6 lessons that changed my career

Ian Lurie

I’m feeling introspective today. These are realizations to which I can point and say “Yep, that’s where I changed”:

  1. It’s not all about me. Successes, failures, perceived snubs, etc. are never solely my own. Share credit, accept blame, assume the best of people (a continuing struggle for me, but hey, I’m working on it).
  2. Mistakes don’t get you fired. Lack of progress does. I don’t think I’ve ever seen Portent lose a client because we screwed up. I have seen it happen when we get complacent. Which happened often when I was running all of our projects, and almost never happens now.
  3. No one gives their vendors a raise. Early on, I took a lot of projects based where someone told me “If things work out, we’ll pay a lot more!” Yeahhhh not so much. It’s a well-intended promise that never comes true, and it led to ballooning, unprofitable work.
  4. The work must be its own reward. I’ve learned this lesson again and again. It’s why I started my company. It’s why I’ve now hired a president. Unrewarding work makes any salary too small, and any work week too long.
  5. Time management skills matter. Before I could become even mediocre as a manager, I had to learn to manage my own time. You cannot run a company until you can run your own life.
  6. Just fix it. Never, ever present a problem unless you have at least two potential solutions.

With each of these lessons, good things happened. I don’t know what the next lessons will be, but I’m sure there’ll be a lot of ’em.

Ian Lurie

Ian Lurie is founder of Portent. He's been a digital marketer since the days of AOL and Compuserve (25 years, if you're counting). Ian's recorded training for Lynda.com, writes regularly for the Portent Blog and has been published on AllThingsD, Smashing Magazine, and TechCrunch. Ian speaks at conferences around the world, including SearchLove, MozCon, Seattle Interactive Conference and ad:Tech. He has published several books about business and marketing: One Trick Ponies Get Shot, available on Kindle, The Web Marketing All-In-One Desk Reference for Dummies, and Conversation Marketing. Ian is now an independent consultant and continues to work with the Portent team- training the agency group on all things digital. You can find him at www.ianlurie.com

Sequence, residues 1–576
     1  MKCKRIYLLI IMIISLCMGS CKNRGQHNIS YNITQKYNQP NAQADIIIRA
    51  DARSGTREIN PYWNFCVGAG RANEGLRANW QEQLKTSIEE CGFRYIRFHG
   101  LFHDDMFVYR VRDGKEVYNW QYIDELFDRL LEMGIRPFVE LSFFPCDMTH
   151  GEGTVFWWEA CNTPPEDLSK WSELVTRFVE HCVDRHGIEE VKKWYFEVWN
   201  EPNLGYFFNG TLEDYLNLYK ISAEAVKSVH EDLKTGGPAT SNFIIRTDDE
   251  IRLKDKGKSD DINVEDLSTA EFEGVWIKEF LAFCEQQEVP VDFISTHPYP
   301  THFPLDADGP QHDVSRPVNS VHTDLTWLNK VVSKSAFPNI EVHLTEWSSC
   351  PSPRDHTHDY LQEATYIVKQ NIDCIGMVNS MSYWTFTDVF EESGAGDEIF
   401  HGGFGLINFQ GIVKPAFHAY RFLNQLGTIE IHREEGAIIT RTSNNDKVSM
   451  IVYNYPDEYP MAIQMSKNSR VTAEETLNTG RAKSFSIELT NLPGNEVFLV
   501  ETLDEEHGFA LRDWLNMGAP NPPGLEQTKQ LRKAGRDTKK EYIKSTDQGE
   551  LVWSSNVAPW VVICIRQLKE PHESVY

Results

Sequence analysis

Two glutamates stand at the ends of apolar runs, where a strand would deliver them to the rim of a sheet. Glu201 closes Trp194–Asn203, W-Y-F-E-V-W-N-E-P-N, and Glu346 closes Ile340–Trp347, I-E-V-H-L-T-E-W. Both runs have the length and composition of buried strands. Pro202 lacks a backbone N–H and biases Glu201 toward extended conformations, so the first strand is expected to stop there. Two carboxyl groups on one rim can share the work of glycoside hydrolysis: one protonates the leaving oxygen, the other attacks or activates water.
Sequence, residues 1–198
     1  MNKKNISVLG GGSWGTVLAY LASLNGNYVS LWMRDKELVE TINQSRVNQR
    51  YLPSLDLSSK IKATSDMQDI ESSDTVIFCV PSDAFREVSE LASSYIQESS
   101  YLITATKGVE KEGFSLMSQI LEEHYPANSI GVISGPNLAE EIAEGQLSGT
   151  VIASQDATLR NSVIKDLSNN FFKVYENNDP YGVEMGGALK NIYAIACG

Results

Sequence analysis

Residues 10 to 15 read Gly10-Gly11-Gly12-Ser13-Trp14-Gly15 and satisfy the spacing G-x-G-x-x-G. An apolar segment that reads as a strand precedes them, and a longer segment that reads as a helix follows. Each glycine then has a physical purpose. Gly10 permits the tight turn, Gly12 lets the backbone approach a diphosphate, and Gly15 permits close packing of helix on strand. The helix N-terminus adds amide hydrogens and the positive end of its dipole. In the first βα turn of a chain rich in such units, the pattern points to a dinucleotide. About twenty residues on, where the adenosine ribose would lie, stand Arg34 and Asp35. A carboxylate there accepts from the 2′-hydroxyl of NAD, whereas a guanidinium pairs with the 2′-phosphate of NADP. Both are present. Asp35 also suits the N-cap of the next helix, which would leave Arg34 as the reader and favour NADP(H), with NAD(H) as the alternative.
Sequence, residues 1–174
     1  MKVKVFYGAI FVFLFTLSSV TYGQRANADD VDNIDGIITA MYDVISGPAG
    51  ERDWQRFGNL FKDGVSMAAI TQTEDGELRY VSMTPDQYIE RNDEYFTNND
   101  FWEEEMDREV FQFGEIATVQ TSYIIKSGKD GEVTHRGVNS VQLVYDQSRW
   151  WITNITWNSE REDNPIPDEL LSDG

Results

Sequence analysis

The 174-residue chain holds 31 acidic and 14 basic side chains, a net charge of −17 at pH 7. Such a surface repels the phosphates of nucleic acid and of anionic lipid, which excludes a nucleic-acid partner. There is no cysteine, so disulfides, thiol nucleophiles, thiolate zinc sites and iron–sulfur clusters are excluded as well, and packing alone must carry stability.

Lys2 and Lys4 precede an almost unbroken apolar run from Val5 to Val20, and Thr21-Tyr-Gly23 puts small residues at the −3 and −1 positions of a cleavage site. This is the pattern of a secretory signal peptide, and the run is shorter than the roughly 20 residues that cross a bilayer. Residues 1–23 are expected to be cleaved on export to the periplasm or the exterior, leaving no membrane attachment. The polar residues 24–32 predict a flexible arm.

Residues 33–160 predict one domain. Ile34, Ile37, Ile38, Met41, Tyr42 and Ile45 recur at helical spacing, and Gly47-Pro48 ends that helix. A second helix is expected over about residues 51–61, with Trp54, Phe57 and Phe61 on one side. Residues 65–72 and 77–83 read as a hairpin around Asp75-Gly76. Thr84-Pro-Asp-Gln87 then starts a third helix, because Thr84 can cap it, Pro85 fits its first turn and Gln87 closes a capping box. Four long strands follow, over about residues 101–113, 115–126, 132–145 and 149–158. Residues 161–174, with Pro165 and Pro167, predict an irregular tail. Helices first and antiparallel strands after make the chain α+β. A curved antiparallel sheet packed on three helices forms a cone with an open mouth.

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  1. Thanks for this great little list Ian! Good thing most of my meetings are on the phone – they can’t see me roll my eyes when they say “we’ll pay you more once the site’s doing really well!” In all seriousness though, it does take time to not be swayed by someone’s excitement and realize those promises just usually never come true. 🙂

  2. Thank you Ian. As someone who is attempting to launch the beginning of a career, I can’t read enough articles like this. Thanks for passing the lessons along.

  3. Most common lie of a prospective client aside from “If things work out, we’ll pay a lot more!” is this gem: “If things work out, we know a few other people that would probably want your services, too.” I’ll believe it when I see the check.

  4. I heartily concur with the first lesson. I’ve never understood why people don’t get the massive value of sharing credit and owning up to errors. Share, share, share the good stuff. That’s one thing that can build loyalty.

  5. I’m going to have “no one gives their vendors a raise” carved into the wall above my desk.
    So, so true – and so hard to avoid when you’re starting out, and potential clients seem to see a big sign over your head saying “will work for promises”!

  6. “Just fix it. Never, ever present a problem unless you have at least two potential solutions.”
    Don’t really have anything to add to that, because it makes the point perfectly. More people need to adopt this idea.

  7. #3 and #4 are very very true. Sometimes lack of progress isn’t even in the agency’s hands. Things are usually held up by the client, or by their 3rd party web development firm, but the onus is still on the search marketing agency to move the needle.

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